For those who want more flexibility, the employment authorization document provides the freedom to work with any employer, but like all things in Immigration, there are limitations to this benefit. An employment authorization document (EAD) is limited to a one year validity period and is renewal in one year increments. In order to qualify for an employment authorization document, it is necessary to have some other underlying petition pending or status with the United States Citizenship and Immigration Service (US CIS). For instance, a student may obtain an employment authorization document if s/he is at the end of their program and applies to complete an externship through the optional training program known as “OPT”. Or, a student can obtain an EAD if during the course of their study they fall into financial hardship criteria and qualify for financial aid, in which on campus or study related work is authorized. A spouse of an investor/trader can also apply for employment authorization. And still others who may qualify for EAD’s include individuals who are here in Temporary Protected Status, asylum applicants who have applications pending for at least 150 days, and applicants for legal permanent residency status through a family or employer sponsor.

Therefore, the employment authorization document is a secondary benefit. Each applicant must declare the qualifying criteria that make him or her eligible to work in the United States; otherwise the US CIS will request proof of eligibility resulting in the delay of issuance of the card. Refusal to respond appropriately to the request for proof may ultimately result in a denial of the application resulting in the loss of the fee paid and may result in the initiation of deportation proceedings against the applicant. Also, all applicants for an employment authorization document must be fingerprinted and a biometric photo identifier taken. Even if an applicant is eligible for the card, but if s/he fails to attend the fingerprint or biometric appointment, s/he will not be approved or receive the card.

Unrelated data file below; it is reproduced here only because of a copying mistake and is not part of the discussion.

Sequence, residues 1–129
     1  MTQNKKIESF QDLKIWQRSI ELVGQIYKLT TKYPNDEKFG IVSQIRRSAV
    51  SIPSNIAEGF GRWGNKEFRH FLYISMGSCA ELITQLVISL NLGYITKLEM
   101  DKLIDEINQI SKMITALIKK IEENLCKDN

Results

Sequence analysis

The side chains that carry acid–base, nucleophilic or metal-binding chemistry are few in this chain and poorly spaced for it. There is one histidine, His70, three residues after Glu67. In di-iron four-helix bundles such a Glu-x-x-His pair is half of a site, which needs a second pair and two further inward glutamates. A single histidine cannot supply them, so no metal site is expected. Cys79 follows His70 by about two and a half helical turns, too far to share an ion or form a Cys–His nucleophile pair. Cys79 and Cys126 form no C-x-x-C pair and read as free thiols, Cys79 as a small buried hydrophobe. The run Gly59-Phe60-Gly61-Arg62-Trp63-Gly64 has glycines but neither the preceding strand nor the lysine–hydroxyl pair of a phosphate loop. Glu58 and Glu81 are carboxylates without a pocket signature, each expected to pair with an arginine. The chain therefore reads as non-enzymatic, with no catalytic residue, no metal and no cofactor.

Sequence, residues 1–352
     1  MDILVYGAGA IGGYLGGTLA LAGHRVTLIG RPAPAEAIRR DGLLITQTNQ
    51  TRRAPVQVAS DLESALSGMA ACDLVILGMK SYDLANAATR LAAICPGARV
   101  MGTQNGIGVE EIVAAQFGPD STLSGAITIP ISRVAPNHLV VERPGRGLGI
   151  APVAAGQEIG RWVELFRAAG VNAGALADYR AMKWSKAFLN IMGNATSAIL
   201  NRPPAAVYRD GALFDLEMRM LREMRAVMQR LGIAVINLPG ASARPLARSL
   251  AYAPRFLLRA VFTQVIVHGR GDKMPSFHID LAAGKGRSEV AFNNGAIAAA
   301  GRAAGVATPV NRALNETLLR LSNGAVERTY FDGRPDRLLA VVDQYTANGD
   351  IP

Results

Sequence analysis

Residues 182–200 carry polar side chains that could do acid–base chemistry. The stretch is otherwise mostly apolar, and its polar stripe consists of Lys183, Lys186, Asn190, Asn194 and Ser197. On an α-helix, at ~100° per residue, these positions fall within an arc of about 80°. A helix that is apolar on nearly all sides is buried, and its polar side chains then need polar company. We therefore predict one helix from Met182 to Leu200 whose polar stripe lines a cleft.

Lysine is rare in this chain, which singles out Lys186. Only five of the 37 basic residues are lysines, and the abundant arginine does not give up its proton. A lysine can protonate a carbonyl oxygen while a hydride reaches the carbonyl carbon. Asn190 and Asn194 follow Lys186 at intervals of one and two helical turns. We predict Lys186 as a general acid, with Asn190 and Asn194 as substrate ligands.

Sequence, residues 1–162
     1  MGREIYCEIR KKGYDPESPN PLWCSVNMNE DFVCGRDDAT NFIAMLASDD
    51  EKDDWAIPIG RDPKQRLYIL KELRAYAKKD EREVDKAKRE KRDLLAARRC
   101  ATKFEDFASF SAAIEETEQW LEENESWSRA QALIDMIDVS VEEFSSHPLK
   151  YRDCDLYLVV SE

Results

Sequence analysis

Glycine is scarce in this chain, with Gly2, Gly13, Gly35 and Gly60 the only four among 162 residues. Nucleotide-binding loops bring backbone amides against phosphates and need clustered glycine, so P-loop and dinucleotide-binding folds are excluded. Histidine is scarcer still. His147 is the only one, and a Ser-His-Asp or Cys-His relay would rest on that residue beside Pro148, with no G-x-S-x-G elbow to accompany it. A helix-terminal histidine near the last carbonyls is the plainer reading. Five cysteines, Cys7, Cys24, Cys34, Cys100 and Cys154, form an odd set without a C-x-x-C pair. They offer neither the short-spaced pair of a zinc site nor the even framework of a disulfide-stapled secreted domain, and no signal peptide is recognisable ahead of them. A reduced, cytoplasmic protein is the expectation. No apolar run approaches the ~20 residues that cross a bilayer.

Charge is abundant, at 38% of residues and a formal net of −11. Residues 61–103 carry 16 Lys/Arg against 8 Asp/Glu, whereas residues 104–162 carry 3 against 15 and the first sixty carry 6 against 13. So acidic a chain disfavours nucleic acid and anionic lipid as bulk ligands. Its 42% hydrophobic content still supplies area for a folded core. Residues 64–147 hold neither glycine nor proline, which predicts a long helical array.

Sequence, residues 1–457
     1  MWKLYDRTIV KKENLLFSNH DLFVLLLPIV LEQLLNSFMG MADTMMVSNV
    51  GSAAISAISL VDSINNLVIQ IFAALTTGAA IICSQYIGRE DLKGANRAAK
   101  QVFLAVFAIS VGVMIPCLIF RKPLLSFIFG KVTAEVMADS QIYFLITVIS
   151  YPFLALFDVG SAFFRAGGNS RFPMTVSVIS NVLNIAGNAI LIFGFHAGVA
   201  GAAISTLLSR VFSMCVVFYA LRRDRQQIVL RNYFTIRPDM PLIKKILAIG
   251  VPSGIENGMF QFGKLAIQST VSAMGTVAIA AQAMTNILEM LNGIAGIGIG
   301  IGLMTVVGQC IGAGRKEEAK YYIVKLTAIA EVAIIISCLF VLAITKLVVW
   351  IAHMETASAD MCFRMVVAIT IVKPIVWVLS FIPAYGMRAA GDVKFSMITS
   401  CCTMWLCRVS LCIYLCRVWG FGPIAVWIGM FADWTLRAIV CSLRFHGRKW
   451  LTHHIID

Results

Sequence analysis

Usually the process to obtain an EAD can take up to 90 days while an employment based visa application can take from two (2) weeks, if the applicant pays additionally for the expedited process, up to one (1) year. While the application is pending, the applicant should not be working, although there is one minor exception, those who are immediate relatives of US citizens are excepted. Also, if anyone works in the United States without authorization and who is not the immediate relative of a United States citizen the penalty can be denial of a current, renewal or future visa, initiation of deportation proceedings, or denial of a Green Card.

Attorney Nadine A. Brown practices Immigration Law in the Greater Orlando, Florida area. She has practiced Immigration Law for approximately 8 years, 3 of which was as the supervising attorney for the Catholic Charities Immigration & Refugee Services and the last 4 of which were in private practice. Her firm was established in 2002 and her cases involve issues relating to asylum, citizenship, consular affairs, deportation, residency petitions, student and business visas, and visa extensions or changes of
status. She handles all cases personally. Questions can be sent to [email protected]

Please visit her website at: www.nadinebrownpa.com

About the author

Nadine A.Brown